Functional treatment of closed segmental fractures of the Tibia

Investigation conducted at the University of Miami and University of Southern California, USA.
Acta chirurgiae orthopaedicae et traumatologiae Cechoslovaca (Impact Factor: 0.39). 02/2008; 75(5):325-31.
Source: PubMed


PURPOSE OF THE STUDY Segmental tibial fractures are commonly believed to be more difficult to manage, requiring surgical treatment. Our experience with forty-eight segmental tibial fractures suggests that these fractures, if closed and with shortening of an acceptable initial degree and a corrected deformity, may be successfully treated with functional braces. MATERIAL AND METHODS Forty-eight closed segmental fractures of the tibia that had initial shortening .12 mm and angular deformity manually corrected to .7 degrees were stabilized in an above-the-knee cast for a median time of 33 days and a mode of 15 days. They were subsequently stabilized in a functional brace that allowed unencumbered motion of all joints. All other segmental fractures outside the established parameters were managed by other methods. RESULTS All fractures healed at a median time of 15.3 weeks. The final shortening was 4.7 millimeters with a mode of 12 millimeters. The maximum shortening was 14 millimeters. Fractures healed with a medial-lateral (M.L) angular deformities ranging zero to 19 degrees, a median of 5.9 degrees and a mode of 3.4 degrees. CONCLUSION The relatively early introduction of weight bearing and the freedom of motion of all joints that the brace permits seem to result in motion at the fracture site, which in turn enhances osteogenesis. As we have previously documented, the initial shortening that closed tibial fractures experience does not increase with the physiological use of the extremity. The final shortening and angulation observed in most of the fractures should not be considered complications, simply inconsequential deviations from the normal. The same should apply to closed segmental fractures.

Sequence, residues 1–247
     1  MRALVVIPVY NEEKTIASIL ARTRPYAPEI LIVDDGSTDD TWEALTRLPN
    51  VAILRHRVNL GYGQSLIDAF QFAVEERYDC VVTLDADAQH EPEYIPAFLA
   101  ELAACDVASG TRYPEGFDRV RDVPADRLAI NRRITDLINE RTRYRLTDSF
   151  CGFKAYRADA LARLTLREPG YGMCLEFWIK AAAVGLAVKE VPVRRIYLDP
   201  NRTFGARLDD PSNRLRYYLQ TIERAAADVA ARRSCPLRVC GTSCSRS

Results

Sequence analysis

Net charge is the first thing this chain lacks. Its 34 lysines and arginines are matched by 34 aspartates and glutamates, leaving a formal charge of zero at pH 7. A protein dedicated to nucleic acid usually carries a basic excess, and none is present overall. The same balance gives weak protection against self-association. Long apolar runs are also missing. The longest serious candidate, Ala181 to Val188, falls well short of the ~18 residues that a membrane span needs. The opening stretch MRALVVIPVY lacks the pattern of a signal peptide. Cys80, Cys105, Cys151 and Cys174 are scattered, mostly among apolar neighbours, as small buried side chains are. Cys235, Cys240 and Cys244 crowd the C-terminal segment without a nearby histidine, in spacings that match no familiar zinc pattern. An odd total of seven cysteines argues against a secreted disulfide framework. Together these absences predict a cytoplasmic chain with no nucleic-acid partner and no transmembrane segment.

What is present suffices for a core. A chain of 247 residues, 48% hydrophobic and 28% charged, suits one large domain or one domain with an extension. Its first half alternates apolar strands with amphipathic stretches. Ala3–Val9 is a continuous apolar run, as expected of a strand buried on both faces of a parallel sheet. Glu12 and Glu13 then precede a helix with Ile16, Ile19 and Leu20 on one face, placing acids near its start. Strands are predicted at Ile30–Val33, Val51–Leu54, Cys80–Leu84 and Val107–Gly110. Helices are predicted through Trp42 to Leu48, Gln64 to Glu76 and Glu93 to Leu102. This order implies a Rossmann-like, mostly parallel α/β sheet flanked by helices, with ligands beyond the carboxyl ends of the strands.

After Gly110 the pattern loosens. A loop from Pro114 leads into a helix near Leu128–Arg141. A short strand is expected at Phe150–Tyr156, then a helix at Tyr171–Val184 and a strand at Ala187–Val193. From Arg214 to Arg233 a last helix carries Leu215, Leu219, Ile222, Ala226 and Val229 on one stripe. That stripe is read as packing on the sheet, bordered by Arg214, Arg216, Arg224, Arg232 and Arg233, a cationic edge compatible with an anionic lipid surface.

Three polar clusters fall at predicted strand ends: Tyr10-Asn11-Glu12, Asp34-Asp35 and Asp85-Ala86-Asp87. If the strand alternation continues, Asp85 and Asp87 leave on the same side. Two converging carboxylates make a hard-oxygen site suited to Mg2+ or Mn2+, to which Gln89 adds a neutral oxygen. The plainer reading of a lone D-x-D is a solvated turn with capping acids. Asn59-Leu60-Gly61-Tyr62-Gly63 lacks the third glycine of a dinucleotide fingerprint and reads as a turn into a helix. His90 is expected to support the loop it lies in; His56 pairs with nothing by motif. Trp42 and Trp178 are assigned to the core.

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Available from: Augusto Sarmiento, Aug 09, 2014
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    ABSTRACT: We have carried out a retrospective review of 20 patients with segmental fractures of the tibia who had been treated by circular external fixation. We describe the heterogeneity of these fractures, their association with multiple injuries and the need for multilevel stability with the least compromise of the biology of the fracture segments. The assessment of outcome included union, complications, the measurement of the functional IOWA knee and ankle scores and the general health status (Short-form 36). The mean time to union was 21.7 weeks (12.8 to 31), with no difference being observed between proximal and distal levels of fracture. Complications were encountered in four patients. Two had nonunion at the distal level, one a wire-related infection which required further surgery and another shortening of 15 mm with 8 degrees of valgus which was clinically insignificant. The functional scores for the knee and ankle were good to excellent, but the physical component score of the short-form 36 was lower than the population norm. This may be explained by the presence of multiple injuries affecting the overall score.
    The Bone & Joint Journal 05/2010; 92(5):687-92. DOI:10.1302/0301-620X.92B5.22514 · 3.31 Impact Factor